Additionally, you can test connectivity by opening a Terminal in Mac, or a Command Prompt in Windows and pinging the Groove’s default IP address:

PING ( 56 data bytes
64 bytes from icmp_seq=0 ttl=62 time=33.826 ms
64 bytes from icmp_seq=1 ttl=62 time=30.486 ms
64 bytes from icmp_seq=2 ttl=62 time=42.349 ms
64 bytes from icmp_seq=3 ttl=62 time=45.525 ms

--- ping statistics ---
4 packets transmitted, 4 packets received, 0.0% packet loss
round-trip min/avg/max/stddev = 30.486/38.047/45.525/6.112 ms

If you get responses, then it’s up and running and ready to be configured.

If not, you may need to Factory Reset the device. See below on how to do that.

If it is up and running, connect with a browser to and you should see the initial Quick Set page.

Basics of the MikroTik Interface

If the device is running v6.40.x or newer, you will be taken to a simplified Quick Set page. Older firmware will take you to the Quick Set page, but with a big menu on the left hand side.

On the left hand area of the page, you will find MAC addresses, some basic settings for WiFi, and a list of nearby networks (once we configure things). The right hand side has the pieces we need to configure first, including the Quick Set choice, router/bridge mode, and addressing.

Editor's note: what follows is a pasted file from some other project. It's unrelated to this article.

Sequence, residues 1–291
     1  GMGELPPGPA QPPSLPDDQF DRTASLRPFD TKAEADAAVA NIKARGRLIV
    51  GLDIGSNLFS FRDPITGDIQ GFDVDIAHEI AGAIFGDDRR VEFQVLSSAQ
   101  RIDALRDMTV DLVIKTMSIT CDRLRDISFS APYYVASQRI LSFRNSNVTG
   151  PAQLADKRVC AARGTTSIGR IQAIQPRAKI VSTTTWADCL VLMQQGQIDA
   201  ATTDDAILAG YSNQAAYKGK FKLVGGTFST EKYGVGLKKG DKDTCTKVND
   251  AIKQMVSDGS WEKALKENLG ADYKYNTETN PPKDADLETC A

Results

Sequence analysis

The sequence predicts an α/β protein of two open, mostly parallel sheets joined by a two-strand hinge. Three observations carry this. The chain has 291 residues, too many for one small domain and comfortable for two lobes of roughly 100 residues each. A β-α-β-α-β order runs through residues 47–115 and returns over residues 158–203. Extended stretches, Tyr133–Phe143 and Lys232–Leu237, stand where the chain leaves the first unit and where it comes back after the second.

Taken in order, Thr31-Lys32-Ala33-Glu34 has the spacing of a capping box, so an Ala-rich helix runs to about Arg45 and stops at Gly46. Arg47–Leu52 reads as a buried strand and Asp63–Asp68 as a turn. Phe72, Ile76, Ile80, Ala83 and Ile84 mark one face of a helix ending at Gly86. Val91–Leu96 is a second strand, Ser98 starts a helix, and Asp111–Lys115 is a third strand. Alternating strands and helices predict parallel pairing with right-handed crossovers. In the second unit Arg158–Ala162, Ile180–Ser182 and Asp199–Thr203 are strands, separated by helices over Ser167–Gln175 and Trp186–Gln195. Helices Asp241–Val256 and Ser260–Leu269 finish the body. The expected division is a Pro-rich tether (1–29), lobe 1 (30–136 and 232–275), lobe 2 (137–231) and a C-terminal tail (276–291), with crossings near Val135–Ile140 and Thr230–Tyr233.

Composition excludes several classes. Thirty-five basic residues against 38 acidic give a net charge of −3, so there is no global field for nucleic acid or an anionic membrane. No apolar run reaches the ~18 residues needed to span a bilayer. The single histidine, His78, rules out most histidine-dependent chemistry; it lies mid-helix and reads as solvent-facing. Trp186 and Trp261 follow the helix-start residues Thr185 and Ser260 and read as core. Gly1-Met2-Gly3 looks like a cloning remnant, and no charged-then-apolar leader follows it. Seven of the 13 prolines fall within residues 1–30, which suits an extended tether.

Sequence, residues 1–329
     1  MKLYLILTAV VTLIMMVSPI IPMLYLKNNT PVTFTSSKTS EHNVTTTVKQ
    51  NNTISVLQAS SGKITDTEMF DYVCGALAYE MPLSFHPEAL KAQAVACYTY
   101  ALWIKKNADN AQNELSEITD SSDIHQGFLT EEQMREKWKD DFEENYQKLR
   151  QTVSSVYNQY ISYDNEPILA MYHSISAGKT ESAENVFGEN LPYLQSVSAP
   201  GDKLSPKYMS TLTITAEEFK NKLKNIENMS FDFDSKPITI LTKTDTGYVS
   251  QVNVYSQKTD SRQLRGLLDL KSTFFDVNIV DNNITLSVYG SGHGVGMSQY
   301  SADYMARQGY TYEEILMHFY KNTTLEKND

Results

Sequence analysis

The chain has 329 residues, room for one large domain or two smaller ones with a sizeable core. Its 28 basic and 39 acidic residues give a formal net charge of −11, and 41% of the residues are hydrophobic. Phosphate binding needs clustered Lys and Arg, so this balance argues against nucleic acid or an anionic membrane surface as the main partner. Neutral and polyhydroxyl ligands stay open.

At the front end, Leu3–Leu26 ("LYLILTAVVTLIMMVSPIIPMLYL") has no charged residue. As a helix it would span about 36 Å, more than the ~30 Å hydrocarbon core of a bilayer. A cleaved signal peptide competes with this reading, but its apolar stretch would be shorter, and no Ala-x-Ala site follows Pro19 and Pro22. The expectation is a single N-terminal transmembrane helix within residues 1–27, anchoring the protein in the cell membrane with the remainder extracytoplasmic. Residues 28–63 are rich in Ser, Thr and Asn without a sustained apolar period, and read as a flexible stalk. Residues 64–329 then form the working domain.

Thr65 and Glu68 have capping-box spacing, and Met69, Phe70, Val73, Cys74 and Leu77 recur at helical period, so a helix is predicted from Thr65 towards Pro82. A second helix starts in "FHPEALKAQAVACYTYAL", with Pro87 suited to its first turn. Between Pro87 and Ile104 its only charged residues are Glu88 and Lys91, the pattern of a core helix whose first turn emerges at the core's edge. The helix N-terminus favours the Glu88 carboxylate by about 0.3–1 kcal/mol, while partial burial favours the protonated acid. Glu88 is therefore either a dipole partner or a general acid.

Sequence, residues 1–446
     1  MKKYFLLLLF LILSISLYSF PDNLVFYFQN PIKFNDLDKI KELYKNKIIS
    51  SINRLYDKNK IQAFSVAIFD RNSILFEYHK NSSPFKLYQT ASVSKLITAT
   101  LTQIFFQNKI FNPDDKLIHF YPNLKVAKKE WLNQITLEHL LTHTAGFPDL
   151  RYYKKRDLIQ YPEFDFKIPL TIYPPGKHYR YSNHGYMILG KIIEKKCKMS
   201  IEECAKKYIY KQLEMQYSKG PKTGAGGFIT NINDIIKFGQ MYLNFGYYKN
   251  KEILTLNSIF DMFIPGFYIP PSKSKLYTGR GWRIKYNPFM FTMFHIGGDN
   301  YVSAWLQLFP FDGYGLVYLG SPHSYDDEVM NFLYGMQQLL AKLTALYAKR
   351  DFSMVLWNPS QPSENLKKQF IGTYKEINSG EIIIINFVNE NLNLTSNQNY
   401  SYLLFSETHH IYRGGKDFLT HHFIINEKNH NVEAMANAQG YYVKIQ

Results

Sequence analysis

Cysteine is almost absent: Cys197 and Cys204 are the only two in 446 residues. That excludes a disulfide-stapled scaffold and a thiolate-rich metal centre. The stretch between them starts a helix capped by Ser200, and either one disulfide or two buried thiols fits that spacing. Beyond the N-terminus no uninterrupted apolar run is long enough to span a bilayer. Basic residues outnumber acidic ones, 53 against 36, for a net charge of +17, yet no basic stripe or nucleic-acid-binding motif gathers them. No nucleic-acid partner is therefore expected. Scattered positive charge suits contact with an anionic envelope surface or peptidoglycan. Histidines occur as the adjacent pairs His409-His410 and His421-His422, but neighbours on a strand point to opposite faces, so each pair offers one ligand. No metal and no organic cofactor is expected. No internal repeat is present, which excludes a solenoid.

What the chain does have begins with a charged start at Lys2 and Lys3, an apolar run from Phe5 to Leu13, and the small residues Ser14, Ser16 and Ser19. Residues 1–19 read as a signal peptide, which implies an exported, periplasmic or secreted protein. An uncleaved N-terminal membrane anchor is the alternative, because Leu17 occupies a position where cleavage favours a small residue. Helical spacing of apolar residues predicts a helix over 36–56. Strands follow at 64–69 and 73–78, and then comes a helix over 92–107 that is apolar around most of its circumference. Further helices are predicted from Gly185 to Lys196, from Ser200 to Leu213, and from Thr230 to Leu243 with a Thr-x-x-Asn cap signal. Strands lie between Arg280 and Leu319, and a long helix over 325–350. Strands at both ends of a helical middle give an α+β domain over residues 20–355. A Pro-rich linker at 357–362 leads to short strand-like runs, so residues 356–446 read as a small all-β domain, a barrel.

Groove LED showing Ethernet connection active, but no WiFi network connected

There are 6 LEDs on the side of the Groove. The first one will blink in various forms on boot up, and if you are doing a factory reset. Once the Groove has fully booted, that first (lowest) light should be on to indicate your Ethernet connection is up and working. It should blink to indicate network traffic.

The next LED up shows when you are connected to a WiFi access point, and the final 4 LEDs show the signal level of that remote WiFi network.

Factory Reset

If you get to a point where you can’t get back into the Groove, you may need to perform a factory reset. I have done this many times while experimenting with features or configuration, and have lost network connectivity to the device.

  1. Power off the Groove
  2. Using a small pointed object, press and hold the reset button on the bottom of the device near the Ethernet port
  3. While still holding the button, plug the power back in
  4. Wait until the bottom LED blinks, then release the reset button

Your Groove is now back to factory defaults and you can start over!

Initial Configuration

Step 1 – Router Mode

Many new Grooves are already setup in Router mode. You can tell yours is already setup this way if the Quick Set is set to “CPE”, and the Mode is “Router”.

If not, using the pull down near “Quick Set” choose CPE. It may want to reboot – make sure you do that before changing anything else.

If your Mode is not set to Router, choose that and press Apply Configuration at the bottom of the screen. It also may want you to reboot here, which I recommend.

Once you have the device in CPE + Router mode, you’ve done the most risky part of getting things setup. I have seen many situations where changing to other settings under Quick Set have rendered the Groove unreachable, and have had to reset it to factory defaults.